UNRWA's time to defend itself has unquestionably arrived. The Kirk amendment would require the secretary of state to report to Congress on how many Palestinians serviced by UNRWA are true refugees from wars past -- those who could prove that they were personally displaced. That number is believed to be closer to 30,000 people. This new tally would then become the focus of America's assistance to UNRWA for refugee issues.
Despite congressional Republicans' current fervor to rein in America's out-of-control debt, the bill's proponents do not call for a full cutoff to the descendants. Rather, they seek to ensure that UNRWA services keep flowing to those who are needy. The United States would simply not view them as refugees -- just people living in the West Bank or Gaza and below the poverty line.
But funding for the future would not be guaranteed. As Kirk's office explains, Congress will soon need to consider tough questions, like whether U.S. taxpayers should be footing the bill for welfare programs in the West Bank and Gaza, or whether such services should be provided by the Palestinian Authority.
The fact that this language has made it to mark-up is nothing short of remarkable. The Israelis have historically avoided locking horns with UNRWA at all costs. In fact, they have quietly lobbied against UNRWA reform in the past. As one Israeli official confided, the Israel Defense Forces don't want to risk being saddled with providing services to the refugees in the West Bank and Gaza should UNRWA unravel. Indeed, one of the Israelis' primary purposes in signing the Oslo Accords and supporting the creation of the Palestinian Authority was to ensure that they were no longer saddled with the responsibility of providing services to the Palestinians in the West Bank and Gaza.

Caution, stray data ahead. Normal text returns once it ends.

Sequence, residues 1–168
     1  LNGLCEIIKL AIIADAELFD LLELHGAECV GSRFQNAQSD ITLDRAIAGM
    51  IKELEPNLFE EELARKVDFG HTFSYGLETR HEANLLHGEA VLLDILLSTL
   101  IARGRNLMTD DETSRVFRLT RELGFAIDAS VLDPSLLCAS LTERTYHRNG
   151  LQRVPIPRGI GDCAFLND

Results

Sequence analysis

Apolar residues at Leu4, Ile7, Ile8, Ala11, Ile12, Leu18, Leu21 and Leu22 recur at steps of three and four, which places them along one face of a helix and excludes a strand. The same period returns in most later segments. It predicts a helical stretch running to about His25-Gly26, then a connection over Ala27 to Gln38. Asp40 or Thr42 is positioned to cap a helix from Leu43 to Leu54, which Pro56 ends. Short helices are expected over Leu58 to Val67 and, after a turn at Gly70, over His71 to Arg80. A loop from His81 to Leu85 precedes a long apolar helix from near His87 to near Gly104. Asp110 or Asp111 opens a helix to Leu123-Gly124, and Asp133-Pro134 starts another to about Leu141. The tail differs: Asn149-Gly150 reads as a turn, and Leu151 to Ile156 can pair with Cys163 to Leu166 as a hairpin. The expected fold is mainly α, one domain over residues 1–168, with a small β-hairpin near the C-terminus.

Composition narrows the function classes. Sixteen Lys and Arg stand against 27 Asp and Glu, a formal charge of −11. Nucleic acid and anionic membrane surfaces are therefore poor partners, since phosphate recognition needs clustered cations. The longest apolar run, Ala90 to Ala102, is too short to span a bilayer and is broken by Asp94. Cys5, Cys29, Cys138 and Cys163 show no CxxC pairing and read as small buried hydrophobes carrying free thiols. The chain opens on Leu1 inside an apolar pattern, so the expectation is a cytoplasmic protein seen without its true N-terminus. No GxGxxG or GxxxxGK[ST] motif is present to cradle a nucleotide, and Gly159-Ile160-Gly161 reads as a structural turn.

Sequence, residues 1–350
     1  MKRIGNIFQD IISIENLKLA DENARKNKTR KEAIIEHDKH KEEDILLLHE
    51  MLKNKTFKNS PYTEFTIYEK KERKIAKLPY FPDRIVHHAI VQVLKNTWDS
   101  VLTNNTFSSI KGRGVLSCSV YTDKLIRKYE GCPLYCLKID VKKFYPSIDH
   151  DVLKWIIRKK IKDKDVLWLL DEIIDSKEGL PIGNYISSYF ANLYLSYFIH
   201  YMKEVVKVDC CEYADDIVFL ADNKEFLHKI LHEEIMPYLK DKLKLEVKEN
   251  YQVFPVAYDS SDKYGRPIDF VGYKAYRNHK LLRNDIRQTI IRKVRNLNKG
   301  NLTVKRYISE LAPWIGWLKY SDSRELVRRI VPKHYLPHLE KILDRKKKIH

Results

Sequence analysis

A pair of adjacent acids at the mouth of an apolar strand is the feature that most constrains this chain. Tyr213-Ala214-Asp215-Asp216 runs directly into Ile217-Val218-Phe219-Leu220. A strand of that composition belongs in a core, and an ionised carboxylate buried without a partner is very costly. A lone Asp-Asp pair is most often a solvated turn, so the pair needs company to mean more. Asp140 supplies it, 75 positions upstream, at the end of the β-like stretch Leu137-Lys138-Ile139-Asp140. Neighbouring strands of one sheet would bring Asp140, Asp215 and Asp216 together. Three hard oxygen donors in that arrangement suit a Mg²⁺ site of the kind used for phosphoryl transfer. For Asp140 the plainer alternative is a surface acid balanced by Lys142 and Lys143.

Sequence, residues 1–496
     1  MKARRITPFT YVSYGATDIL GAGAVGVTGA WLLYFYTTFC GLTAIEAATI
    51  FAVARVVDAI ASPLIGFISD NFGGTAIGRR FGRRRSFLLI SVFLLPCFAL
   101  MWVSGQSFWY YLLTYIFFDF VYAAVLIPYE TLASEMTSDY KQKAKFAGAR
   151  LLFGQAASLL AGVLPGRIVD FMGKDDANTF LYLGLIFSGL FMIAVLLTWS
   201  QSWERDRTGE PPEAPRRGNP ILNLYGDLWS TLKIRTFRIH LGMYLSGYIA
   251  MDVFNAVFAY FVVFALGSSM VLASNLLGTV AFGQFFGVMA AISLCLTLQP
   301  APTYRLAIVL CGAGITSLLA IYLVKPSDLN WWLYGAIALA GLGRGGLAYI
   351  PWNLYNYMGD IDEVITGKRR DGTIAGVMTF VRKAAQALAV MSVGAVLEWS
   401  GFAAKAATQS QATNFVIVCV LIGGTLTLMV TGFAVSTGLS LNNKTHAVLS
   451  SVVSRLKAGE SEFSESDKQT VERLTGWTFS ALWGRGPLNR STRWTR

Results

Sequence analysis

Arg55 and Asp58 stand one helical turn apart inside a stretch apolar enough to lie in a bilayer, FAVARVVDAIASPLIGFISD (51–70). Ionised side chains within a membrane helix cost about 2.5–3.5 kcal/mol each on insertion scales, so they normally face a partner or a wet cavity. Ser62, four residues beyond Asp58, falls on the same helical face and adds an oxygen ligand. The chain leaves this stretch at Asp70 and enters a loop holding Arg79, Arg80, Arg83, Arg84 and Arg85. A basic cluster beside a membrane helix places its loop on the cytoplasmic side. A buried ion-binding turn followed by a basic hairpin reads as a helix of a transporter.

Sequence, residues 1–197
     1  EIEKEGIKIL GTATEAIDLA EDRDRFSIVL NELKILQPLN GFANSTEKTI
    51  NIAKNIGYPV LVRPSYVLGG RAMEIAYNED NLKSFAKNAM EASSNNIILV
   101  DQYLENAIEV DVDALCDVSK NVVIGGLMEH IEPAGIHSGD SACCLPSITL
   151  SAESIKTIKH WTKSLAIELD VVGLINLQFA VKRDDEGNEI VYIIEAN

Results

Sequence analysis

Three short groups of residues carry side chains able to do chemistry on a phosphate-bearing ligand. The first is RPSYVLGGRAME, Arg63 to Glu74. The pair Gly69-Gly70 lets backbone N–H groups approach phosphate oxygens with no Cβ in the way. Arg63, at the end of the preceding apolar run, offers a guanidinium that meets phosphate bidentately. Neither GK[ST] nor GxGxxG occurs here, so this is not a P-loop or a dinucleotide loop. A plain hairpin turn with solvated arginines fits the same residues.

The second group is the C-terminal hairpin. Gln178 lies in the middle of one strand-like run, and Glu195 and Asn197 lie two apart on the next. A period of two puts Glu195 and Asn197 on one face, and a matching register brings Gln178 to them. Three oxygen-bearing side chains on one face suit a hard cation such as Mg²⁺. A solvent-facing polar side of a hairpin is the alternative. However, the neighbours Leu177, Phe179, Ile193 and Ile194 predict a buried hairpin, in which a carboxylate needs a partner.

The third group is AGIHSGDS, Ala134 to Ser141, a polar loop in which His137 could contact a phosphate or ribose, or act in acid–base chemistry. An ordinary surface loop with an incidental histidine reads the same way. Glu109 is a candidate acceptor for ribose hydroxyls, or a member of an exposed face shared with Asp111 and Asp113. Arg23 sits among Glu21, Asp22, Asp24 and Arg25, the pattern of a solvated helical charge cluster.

But today, with the peace process moribund, if not dead, the Israelis believe that UNRWA reform could serve as a defibrillator of sorts. By tackling one of the toughest challenges of the Palestinian-Israeli conflict without the bedlam that typically accompanies bilateral negotiations, there would theoretically be one less sticking point when the stars align again for diplomacy. Under the leadership of Knesset member Einat Wilf, this idea now has the backing of the prime minister's office, the Ministry of Defense, and the Ministry of Foreign Affairs.
Washington, a coalition is still forming. Rep. Howard Berman (D- CA), the
ranking member of the House Foreign Affairs Committee, broadly backs this idea
but has yet to introduce language on the House side. However, bipartisanship
may not be enough: The State Department, which pledged an additional $10 million in
UNRWA in March, is expected to put up a fight. The legislation would
undoubtedly anger some of Washington's Arab allies, and Foggy Bottom tries to
avoid that at all costs.
But such grumblings will likely pale in comparison to the expected outcry in the West Bank, Gaza, and the Palestinian refugee camps in neighboring Arab countries. The refugee narrative is a sacred one in Palestinian political culture. Palestinian leaders will not simply table it because Congress passes new legislation. Rather, it's a fair bet they will mobilize. When UNRWA merely mulled a name change in July 2011, Palestinians organized protests and sit-ins. Proposing real changes to UNRWA could even prompt violence.
In short, the Kirk legislation would strip Palestinian the descendants of their political symbolism. It would be a landmark for this generations-old conflict, but whether it paves the way for peace or conflict remains to be seen. There are few more potent symbols of the Palestinian cause. Don't expect Palestinians to give it up easily.